This being so, John Quick (one of the drafters of the Constitution) and Robert Garran (who played a significant role in the Australian federation movement) wrote in their standard commentary on the Australian Constitution: 
“This appeal to the Deity was inserted in the Constitution at the suggestion of most of the Colonial Legislative Chambers, and in response to numerous and largely signed petitions received from the people of every colony represented in the Federal Convention….
“In justification of the insertion of the words, stress was laid on the great demonstration of public opinion in their favour, as expressed in the recommendations of the legislative bodies and in the petitions presented.”
It may well be argued that the overwhelming public support for a reference to God in the Commonwealth Constitution reflected the view that the validity and success of an Australian federation was dependent on the providence of God.
Speaking at the Constitutional Convention, Patrick Glynn of South Australia explained this precisely to be so and that it was to Australia’s credit that the new nation would have “[t]he stamp of religion … fixed upon the front of our institutions”.
To conclude, the inclusion of the words, “humbly relying on the blessing of Almighty God”, in the Constitution exemplifies Australia’s religious, and specifically Christian, heritage. It can, at the very least, be said that Judeo-Christian values were so embedded in Australia so as to necessitate the recognition of God in the nation’s founding document.
When considered alongside the development of colonial laws, the adoption of the English common law tradition and the American system of federation, it is evident that the foundations of the Australian nation, and its laws, have discernible Christian roots.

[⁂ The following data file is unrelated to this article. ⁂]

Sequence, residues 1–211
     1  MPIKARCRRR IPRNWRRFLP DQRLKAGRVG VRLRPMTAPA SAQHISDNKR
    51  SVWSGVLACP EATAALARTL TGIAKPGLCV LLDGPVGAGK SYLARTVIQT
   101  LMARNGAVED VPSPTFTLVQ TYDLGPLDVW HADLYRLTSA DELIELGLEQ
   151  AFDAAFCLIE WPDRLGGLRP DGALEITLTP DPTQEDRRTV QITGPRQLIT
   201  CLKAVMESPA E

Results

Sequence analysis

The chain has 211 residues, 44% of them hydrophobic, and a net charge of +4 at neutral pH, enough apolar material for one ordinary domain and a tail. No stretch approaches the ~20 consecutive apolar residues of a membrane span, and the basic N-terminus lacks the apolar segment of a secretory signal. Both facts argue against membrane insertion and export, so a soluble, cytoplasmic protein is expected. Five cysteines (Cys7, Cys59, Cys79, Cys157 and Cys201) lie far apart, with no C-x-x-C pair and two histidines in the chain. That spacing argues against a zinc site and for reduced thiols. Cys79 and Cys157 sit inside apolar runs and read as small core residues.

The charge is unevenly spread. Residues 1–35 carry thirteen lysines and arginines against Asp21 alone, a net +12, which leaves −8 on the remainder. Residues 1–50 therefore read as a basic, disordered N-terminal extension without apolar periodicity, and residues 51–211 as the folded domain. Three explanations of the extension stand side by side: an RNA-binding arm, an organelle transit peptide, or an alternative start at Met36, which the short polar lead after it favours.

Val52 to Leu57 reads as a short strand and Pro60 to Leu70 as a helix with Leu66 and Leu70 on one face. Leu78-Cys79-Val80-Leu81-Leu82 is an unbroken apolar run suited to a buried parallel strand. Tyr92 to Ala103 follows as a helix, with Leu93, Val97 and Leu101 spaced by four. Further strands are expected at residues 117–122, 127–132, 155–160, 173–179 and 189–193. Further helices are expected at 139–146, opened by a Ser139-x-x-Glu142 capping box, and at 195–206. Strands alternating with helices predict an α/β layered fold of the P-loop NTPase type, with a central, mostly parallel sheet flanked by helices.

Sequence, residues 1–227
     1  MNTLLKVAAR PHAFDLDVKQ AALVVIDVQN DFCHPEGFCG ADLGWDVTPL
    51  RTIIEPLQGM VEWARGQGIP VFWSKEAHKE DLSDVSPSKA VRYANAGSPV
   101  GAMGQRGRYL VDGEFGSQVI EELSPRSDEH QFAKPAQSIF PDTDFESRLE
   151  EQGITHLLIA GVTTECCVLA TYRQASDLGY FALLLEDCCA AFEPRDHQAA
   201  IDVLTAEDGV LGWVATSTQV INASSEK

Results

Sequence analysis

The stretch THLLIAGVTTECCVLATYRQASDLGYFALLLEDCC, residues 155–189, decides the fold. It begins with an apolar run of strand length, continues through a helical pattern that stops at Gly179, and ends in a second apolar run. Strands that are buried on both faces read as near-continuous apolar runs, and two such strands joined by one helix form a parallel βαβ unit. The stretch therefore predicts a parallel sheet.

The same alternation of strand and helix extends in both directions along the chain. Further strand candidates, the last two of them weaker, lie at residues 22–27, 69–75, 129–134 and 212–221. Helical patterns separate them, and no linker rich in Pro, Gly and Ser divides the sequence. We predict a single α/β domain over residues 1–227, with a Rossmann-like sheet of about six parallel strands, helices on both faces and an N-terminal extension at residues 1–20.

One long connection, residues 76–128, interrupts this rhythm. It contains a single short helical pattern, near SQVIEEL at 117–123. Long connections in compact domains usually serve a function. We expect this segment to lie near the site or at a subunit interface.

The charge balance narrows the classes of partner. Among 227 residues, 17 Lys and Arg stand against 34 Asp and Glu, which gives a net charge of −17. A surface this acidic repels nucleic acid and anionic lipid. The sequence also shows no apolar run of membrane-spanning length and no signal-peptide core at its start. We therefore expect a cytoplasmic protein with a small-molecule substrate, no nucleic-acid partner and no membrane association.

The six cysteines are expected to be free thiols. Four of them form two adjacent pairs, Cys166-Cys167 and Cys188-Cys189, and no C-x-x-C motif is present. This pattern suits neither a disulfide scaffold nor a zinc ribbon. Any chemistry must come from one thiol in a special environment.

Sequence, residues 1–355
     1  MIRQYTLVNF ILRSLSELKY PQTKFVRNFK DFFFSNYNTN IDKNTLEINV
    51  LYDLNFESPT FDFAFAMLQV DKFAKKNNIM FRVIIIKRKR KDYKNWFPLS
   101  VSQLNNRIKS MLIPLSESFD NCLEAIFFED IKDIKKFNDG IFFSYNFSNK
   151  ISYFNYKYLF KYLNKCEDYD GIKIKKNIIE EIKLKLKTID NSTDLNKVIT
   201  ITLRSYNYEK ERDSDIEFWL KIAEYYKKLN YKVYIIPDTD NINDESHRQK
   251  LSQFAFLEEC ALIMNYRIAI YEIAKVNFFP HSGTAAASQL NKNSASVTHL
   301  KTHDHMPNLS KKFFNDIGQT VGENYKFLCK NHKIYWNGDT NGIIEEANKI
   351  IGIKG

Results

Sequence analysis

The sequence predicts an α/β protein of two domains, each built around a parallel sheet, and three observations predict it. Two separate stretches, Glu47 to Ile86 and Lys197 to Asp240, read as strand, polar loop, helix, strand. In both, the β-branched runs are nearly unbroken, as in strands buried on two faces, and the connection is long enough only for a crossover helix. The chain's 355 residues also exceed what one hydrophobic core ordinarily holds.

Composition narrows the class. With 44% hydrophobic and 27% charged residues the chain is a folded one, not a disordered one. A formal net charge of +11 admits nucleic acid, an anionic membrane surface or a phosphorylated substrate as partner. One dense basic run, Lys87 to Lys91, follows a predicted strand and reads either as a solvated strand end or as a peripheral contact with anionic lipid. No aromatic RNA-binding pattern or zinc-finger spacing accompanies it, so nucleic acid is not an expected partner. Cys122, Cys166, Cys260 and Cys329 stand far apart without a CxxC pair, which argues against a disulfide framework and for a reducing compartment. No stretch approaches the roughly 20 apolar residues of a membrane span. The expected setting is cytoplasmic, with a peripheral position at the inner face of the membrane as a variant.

Augusto Zimmermann, LLB, LLM, PhD (Monash), teaches legal theory and constitutional law at Murdoch University, Western Australia.  He drinks occasionally in the Oz room at the Knight & Drummer Tavern. He is also president of the Western Australian Legal Theory Association (WALTA) and editor of The Western Australian Jurist. Last year he published a widely acclaimed book, Western Legal Theory: Theory, Concepts and Perspectives (Sydney: LexisNexis Butterworths, 2013). 

WE drink to that and deplore the intrusions of the satanic Koran into our Government proceedings.

Sharpen your swords Gentlemen, Knights, Saints and yes even you mob of sinners. A sharp blade will be needed. Ladies sharpen your stilettos. Be sure, that the enemy has sharp blades ready for you !



  1. The Koran is regarded as an equivalent document in Australia, it largely contains just the Torah and John and the Romans and a bit of raving by my dear old great grandpappy the Prophet himself.

    1. Regarded as equivalent by whom? They will be using the Beano next.

  2. That stat about the Constitution is truly worrying. Bet every schoolchild knew four decades ago.

    1. Yes: one would have to go back at least that far. Nowadays it barely gets into the curriculum, what with lessons in wearing 'other gender' clothes, other 'religions' clothes, learning sexual positions at 8, and 4 year olds seeing the counsellor on the progress of their 'transition' .


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Our Bouncer is a gentleman of muscle and guile. His patience has limits. He will check you at the door.

The Tavern gets rowdy visitors from time to time. Some are brain dead and some soul dead. They attack customers and the bar staff and piss on the carpets. Those people will not be allowed in anymore. So... Be Nice..